California's Mountain Fire's Cause Determined
The Mountain Fire, which burned more than 27,000 acres in Southern California and forced the closure of several campgrounds, was caused by an electrical equipment failure on private property.
The equipment failure happened "on the customer side of the meter," according to a written statement from the California Department of Forestry and Fire Protection, which added that no more information would be released because the investigation was continuing, the Village News, Fallbrook, reported.
Command of the blaze was handed over to local personnel Thursday (July 25), and full containment is expected today, the U.S. Forest Service said.
The blaze was 92% contained on Thursday, having scorched more than 27,500 acres of the San Bernardino National Forest since breaking out near Idyllwild 10 days ago. A U.S. Forest Service statement said the cost of fighting the fire had risen to $25.2 million.
The fire's acreage has changed little since Sunday, thanks to rain from thunderstorms over last weekend and earlier this week.
The number of fire personnel assigned to the blaze continues to be reduced, with 146 remaining. The fire, which has been under the unified command of the Forest Service and Cal Fire, was turned over to a San Bernardino National Forest local team, officials said today.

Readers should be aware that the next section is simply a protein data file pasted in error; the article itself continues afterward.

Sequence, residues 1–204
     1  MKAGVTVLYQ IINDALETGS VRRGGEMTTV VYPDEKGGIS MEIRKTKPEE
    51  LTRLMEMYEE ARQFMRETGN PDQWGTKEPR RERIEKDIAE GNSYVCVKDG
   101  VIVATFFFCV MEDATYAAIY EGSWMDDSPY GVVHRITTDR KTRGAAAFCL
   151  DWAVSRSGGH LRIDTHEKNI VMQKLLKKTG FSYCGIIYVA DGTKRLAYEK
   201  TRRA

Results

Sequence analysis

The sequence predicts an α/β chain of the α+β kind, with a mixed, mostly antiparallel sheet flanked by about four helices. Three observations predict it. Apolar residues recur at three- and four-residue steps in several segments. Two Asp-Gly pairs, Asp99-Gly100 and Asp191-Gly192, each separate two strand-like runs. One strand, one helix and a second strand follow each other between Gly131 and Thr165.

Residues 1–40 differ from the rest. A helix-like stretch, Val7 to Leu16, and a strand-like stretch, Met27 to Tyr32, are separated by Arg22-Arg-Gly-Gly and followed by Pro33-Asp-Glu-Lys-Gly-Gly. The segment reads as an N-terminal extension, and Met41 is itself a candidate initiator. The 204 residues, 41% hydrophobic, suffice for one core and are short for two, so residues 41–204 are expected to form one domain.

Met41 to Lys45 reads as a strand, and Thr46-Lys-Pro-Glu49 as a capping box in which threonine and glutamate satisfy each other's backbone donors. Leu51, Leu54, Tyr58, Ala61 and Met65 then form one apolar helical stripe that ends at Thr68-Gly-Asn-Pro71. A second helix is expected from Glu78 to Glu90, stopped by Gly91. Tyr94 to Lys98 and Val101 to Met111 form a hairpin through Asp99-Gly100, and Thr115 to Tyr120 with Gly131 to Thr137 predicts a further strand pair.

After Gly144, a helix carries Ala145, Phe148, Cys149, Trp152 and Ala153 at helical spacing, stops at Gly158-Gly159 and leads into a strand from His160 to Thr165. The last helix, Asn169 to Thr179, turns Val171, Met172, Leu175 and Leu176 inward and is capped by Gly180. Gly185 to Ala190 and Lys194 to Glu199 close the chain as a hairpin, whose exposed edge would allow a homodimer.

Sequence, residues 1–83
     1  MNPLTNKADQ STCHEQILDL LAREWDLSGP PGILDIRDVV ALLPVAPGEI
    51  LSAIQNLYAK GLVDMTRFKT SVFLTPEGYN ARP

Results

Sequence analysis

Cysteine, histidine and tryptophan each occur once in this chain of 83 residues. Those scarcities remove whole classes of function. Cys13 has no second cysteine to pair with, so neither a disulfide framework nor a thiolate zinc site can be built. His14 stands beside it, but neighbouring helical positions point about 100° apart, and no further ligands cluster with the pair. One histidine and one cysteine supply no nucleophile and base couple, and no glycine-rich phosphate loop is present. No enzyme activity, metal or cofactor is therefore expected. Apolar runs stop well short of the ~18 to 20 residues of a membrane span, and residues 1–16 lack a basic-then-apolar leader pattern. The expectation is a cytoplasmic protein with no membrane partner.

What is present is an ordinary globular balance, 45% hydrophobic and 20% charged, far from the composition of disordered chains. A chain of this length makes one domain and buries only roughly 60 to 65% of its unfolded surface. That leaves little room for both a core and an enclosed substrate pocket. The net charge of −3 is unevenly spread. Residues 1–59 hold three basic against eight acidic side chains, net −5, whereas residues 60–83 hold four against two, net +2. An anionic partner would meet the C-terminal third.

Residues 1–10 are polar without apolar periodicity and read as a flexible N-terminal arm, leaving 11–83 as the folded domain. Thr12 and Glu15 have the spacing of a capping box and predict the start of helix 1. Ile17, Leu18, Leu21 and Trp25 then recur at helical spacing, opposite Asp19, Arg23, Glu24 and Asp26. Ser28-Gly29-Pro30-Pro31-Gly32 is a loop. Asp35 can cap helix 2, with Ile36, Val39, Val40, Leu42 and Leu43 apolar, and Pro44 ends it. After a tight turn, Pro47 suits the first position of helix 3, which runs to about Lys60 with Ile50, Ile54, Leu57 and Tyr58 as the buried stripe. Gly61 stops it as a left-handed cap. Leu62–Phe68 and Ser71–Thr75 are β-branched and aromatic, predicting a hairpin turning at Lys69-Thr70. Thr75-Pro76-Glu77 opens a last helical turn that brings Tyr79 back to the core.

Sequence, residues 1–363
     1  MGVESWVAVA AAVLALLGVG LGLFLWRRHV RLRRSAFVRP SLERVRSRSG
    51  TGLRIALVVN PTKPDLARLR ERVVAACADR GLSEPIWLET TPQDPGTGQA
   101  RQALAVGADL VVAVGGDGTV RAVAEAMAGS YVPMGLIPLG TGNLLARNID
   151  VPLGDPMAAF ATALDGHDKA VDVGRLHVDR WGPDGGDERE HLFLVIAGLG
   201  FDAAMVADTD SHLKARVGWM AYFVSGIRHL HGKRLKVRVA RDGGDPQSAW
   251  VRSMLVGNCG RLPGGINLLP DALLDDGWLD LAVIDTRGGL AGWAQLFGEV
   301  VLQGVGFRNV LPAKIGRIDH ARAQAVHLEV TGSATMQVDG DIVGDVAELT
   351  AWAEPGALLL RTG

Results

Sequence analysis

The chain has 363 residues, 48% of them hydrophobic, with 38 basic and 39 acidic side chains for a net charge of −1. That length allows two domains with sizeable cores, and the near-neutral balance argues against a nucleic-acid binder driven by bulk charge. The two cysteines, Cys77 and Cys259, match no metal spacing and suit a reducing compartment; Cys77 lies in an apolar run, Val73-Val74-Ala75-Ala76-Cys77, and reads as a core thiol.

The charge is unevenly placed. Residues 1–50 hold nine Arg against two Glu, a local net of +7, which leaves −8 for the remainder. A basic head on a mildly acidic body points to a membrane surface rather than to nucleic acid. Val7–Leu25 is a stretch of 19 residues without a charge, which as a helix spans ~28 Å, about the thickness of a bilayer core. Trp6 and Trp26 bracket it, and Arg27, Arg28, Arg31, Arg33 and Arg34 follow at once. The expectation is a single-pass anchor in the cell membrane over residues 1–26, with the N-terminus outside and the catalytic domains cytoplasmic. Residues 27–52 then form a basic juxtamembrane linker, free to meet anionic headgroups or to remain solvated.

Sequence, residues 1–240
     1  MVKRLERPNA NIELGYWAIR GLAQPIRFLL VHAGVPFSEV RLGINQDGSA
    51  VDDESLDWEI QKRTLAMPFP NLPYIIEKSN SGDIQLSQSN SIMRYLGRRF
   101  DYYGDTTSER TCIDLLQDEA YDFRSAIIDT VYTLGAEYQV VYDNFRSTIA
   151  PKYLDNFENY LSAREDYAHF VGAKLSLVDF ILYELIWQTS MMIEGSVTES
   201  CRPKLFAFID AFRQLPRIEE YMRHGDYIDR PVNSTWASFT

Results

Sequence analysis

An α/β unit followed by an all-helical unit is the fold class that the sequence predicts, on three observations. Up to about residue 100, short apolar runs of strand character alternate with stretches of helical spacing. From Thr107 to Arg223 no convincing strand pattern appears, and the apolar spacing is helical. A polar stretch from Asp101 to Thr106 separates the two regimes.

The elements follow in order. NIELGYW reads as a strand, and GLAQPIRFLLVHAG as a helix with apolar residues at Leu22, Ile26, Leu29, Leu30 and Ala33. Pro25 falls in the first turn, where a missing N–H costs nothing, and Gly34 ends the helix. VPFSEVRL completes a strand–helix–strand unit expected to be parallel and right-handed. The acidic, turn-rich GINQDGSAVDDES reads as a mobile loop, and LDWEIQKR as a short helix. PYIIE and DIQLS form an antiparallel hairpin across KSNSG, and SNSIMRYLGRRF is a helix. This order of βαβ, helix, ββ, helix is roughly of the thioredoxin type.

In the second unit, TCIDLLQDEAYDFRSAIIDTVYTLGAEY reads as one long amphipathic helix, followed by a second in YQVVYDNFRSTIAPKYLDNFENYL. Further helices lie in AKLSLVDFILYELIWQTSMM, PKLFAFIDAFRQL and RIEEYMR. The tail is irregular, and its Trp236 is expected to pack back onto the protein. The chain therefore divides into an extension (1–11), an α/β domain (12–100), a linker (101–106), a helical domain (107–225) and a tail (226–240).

The blaze has claimed 23 structures, including seven homes, but no major injuries have been reported.
The fire is believed to have started around 1:45 p.m. on July 15 near the junction of Highways 243 and 74. The 23 structures swallowed by the blaze were all destroyed on the first day of the fire.
Evacuations that affected as many as 6,000 people were lifted on Sunday. The nearby Mount San Jacinto State Park and Wilderness Area, several campgrounds, Humber Park and Pacific Crest Trail and its connecting trails remain closed.